Perhaps. But although Grimm's philology was probably on target, his comments based on it are nothing more than romantic speculation. Eostre/Ostara could equally well be a goddess who, in the mythology of some ancient Germanic tribe, simply came from the east.
Now that we know how little can be gleaned from ancient sources and philology, lets look at some of the modern myths being spread on the Internet and in the pagan and popular press.
The Norse Goddess Ostara
No Norwegian, Icelandic or other Scandinavian primary source mentions 'Ostara'. In fact, the name 'Ostara' isn't found anywhere in connection with a goddess. 'Ostara' is simply the Old High German name for the Christian Festival of Easter. Because the word is cognate with Anglo-Saxon 'Eostre', and because we have Bede's evidence that Eostre was a goddess, Grimm concluded that "This Ostara, like the Anglo-Saxon Eastre, must in the heathen religion have denoted a higher being, whose worship was so firmly rooted, that the Christian teachers tolerated the name, and applied it to one of their own grandest anniversaries."
Eostre is the Northern aspect of 'The Great Mother Goddess'
The theory that ancient Europeans worshipped a single 'Great Mother Goddess' has long since been rejected by academics but continues to be spouted in popular books. (Read The Myth of Matriarchal Prehistory if you want to explore the political reasons behind this.) But go back to the only historical source on Eostre quoted above. It's rather difficult to get from what Bede tells us to 'The Great Mother Goddess' without huge leaps of wishful thinking.
Eostre was worshipped at the Spring Equinox
All we know from Bede was that she was worshipped sometime in April. Bede also mentions another Anglo-Saxon goddess, Hredhe, who was honoured in March, and for whom the month of March was named.  If the heathen Anglo-Saxons actually did worship a goddess at the Vernal Equinox, then according to the only historical evidence we have it would have been Hredhe, not Eostre.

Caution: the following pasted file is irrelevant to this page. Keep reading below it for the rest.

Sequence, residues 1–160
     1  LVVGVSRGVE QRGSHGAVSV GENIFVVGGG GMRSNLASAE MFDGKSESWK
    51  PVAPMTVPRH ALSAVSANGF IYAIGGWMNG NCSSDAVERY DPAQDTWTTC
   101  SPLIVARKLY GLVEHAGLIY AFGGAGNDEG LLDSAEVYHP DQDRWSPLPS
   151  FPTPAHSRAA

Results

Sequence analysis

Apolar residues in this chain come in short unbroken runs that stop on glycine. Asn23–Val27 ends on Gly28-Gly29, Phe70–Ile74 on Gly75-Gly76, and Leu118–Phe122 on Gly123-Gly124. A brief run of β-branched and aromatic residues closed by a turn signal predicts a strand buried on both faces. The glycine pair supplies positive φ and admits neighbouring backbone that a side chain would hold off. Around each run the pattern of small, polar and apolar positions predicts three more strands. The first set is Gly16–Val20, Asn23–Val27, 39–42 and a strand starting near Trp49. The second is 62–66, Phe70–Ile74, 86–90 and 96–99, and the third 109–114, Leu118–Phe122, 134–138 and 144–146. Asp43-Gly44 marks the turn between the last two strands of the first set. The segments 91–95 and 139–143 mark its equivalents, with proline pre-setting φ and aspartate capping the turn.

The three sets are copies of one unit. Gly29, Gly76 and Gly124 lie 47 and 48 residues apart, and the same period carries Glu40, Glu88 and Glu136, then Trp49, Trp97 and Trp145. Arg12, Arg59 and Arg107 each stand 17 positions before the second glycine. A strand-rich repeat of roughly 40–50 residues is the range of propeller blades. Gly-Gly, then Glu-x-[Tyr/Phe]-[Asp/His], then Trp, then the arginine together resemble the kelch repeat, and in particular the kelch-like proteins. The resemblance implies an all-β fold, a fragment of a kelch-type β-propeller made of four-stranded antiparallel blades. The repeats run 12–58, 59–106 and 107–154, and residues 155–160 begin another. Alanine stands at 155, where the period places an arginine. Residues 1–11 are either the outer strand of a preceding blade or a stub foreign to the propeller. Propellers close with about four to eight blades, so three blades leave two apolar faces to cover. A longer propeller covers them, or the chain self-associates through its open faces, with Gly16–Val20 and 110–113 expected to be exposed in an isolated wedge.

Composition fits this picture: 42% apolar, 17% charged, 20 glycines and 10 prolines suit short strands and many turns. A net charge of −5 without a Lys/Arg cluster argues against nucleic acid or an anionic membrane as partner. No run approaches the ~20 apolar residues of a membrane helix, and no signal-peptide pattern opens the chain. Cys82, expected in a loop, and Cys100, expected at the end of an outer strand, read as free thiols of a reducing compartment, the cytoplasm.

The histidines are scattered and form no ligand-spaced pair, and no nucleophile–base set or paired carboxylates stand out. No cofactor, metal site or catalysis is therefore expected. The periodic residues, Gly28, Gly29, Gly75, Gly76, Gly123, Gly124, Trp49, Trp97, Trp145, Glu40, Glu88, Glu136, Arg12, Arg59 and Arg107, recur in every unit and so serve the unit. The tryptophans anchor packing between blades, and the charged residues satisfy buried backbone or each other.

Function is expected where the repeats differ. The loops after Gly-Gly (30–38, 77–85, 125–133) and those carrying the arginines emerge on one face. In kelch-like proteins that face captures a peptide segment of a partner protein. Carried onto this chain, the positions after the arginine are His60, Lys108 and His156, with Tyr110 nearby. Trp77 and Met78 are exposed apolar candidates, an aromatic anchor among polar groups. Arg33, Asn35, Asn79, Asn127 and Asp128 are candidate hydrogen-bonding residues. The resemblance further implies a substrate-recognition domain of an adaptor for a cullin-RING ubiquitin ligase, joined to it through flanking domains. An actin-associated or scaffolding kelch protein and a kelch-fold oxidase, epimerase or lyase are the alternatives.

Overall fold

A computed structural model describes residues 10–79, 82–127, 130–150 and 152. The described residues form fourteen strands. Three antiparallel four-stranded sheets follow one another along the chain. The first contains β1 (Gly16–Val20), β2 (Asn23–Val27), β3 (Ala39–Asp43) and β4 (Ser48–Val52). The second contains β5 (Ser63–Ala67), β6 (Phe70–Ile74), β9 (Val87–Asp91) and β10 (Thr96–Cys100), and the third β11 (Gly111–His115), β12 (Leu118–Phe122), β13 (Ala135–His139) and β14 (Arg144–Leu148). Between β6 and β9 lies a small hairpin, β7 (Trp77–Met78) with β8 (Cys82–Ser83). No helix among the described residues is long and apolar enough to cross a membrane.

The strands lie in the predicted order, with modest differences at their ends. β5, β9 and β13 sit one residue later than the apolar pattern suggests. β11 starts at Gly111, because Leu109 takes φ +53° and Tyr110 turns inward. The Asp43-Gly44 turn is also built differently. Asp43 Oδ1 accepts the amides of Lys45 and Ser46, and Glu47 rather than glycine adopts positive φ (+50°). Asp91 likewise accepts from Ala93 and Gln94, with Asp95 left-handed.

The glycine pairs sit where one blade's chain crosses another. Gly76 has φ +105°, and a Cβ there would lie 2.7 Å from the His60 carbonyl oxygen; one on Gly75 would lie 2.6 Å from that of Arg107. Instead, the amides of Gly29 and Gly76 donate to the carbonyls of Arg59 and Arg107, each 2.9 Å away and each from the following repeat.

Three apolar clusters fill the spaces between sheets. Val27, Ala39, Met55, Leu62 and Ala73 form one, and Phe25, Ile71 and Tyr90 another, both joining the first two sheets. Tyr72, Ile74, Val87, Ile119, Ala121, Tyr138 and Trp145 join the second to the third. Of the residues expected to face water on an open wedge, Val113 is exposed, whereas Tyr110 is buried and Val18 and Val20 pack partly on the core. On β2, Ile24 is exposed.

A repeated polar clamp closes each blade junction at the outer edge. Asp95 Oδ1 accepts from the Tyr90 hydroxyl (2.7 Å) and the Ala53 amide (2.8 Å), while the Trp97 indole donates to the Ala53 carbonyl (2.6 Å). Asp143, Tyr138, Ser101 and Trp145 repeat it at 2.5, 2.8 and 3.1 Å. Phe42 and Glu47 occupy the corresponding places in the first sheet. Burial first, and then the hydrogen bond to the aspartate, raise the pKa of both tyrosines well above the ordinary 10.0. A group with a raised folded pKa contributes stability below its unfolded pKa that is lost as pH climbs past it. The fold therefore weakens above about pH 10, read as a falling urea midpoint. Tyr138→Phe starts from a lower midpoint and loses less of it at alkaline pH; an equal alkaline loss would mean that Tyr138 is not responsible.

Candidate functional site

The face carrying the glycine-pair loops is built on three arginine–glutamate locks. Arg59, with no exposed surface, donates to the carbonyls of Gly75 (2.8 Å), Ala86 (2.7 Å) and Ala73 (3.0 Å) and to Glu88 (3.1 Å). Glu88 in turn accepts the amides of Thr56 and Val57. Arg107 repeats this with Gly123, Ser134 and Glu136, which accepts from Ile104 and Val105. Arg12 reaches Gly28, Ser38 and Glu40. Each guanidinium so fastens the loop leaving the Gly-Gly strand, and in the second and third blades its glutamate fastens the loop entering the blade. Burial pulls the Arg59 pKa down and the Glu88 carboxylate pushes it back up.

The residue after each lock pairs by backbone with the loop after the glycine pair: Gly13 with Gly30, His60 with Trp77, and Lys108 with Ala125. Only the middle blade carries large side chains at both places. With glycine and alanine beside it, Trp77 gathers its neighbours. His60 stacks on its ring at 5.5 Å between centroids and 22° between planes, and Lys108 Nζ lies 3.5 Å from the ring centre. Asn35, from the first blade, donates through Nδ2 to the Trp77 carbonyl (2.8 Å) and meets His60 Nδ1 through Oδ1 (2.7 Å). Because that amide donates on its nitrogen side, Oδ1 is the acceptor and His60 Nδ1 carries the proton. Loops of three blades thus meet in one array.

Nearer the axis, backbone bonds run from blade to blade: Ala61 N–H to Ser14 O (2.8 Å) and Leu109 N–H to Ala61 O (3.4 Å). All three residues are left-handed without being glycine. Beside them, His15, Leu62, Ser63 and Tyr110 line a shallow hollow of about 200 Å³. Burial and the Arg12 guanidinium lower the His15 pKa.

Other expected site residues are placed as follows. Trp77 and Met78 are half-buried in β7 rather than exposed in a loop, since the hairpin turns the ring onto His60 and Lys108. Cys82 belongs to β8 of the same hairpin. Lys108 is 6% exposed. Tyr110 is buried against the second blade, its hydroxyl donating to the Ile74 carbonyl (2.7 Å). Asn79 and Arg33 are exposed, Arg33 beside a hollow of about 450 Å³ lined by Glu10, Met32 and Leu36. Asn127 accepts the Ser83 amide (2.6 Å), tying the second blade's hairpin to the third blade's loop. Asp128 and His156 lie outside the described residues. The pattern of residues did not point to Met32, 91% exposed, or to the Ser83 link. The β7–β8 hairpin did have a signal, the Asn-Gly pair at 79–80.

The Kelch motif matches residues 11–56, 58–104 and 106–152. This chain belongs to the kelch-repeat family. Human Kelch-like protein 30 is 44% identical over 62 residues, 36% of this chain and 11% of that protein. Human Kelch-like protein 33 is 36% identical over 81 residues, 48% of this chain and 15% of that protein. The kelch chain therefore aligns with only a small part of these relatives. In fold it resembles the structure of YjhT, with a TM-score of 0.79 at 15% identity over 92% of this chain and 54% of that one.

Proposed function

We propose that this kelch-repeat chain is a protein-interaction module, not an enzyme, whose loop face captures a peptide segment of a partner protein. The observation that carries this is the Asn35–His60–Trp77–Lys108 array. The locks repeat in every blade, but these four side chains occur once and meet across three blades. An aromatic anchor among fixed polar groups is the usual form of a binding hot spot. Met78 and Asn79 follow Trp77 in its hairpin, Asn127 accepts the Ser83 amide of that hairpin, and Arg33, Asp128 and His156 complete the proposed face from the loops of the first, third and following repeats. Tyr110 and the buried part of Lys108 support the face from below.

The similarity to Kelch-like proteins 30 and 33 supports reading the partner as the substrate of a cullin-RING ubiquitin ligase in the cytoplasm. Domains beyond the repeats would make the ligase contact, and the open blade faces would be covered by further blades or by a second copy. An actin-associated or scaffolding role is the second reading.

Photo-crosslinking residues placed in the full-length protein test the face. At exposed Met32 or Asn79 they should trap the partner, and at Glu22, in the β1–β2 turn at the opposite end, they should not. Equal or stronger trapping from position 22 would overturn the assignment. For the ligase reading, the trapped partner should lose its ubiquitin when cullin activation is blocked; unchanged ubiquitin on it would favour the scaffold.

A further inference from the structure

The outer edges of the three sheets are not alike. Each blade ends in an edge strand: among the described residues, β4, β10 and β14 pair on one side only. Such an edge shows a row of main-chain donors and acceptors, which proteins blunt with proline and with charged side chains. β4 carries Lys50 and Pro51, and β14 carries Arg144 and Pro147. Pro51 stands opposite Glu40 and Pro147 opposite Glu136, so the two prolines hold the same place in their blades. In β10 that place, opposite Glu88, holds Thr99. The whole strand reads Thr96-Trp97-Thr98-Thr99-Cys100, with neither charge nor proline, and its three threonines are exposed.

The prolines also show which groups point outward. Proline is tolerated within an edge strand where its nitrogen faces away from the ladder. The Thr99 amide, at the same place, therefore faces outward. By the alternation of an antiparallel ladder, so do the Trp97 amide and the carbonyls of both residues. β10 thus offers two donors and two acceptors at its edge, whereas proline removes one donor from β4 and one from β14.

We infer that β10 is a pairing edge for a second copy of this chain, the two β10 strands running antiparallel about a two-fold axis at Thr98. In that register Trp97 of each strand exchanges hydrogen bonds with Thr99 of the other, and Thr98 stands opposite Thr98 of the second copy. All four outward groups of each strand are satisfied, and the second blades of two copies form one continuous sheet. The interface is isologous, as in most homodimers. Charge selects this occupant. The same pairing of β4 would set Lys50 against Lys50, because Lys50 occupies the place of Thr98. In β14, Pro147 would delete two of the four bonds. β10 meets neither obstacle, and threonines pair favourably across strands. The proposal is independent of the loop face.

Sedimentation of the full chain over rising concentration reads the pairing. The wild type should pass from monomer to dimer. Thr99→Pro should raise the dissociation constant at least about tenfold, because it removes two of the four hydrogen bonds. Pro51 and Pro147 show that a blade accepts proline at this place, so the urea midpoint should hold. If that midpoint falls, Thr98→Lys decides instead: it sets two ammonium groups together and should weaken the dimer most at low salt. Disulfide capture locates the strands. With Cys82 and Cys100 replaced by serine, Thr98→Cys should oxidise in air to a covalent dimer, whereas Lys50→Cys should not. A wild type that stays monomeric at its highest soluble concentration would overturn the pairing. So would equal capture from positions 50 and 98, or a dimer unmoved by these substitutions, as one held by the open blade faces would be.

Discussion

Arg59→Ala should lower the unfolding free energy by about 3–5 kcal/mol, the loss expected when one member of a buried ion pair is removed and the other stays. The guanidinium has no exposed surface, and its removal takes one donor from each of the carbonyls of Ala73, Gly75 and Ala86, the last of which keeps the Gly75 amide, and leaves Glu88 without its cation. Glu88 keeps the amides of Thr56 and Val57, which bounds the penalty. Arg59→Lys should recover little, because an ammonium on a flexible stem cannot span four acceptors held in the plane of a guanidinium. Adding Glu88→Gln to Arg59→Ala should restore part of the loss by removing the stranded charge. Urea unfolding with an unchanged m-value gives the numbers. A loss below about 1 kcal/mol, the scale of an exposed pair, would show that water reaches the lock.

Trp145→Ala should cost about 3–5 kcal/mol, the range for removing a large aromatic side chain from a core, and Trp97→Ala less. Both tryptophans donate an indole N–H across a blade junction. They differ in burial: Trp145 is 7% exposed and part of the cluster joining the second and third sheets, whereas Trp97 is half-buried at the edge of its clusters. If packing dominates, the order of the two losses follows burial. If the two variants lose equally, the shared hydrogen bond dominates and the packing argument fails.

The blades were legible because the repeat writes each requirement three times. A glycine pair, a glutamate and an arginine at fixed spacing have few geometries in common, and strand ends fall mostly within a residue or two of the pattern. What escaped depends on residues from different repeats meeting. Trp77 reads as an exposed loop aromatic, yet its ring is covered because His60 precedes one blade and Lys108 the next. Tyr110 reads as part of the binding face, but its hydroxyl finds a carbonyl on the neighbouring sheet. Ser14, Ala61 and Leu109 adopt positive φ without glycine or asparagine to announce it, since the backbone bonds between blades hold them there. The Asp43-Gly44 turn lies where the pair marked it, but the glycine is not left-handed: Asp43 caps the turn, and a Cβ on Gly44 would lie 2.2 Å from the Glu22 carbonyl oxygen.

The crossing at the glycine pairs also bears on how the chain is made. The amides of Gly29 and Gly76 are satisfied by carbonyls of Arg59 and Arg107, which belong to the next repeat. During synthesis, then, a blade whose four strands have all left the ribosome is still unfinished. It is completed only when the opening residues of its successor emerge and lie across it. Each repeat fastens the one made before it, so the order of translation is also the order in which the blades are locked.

According to various popular sources: Eostre has a hare familiar/totem animal; Eostre can take the form of a hare; Eostre has the head of a hare.
There are associations in English folklore between hares and the Christian festival of Easter. For example, in 17th century Southeastern England there is evidence of a custom of hunting a hare on Good Friday, and in 18th century Coleshill there was a manorial custom in which young men tried to catch a hare on Easter Monday.  There is no reason to believe that such customs go back to pre-Christian times. The Oxford Dictionary of English Folklore bluntly states: "Nowadays, many writers claim that hares were sacred to the Anglo-Saxon goddess Eostre, but there is no shred of evidence for this."
The Easter egg is often said to be a symbol of Eostre and this 'fact' is used as 'evidence' that Eostre was a fertility goddess. According to the Catholic Encyclopedia, "Because the use of eggs was forbidden during Lent, they were brought to the table on Easter Day, coloured red to symbolize the Easter joy. This custom is found not only in the Latin but also in the Oriental Churches."  Eggs would have been in abundance for Christian communities at Easter time because the hens would have continued laying throughout the preceding forty days of fasting during Lent. The embryonic symbolism of new life also happened to tie in well with the Christian theme of resurrection.
According to some Neo-Pagan sources, these were originally offerings to Eostre, with the cross representing either the four quarters of the year or the four quarters of the moon. As the symbol of the 'cross' is the central focus of the Christian Easter celebration, I shouldn't have thought there was a need speculate about alternative explanations. Bede certainly has nothing to say on the subject of pagan pastry.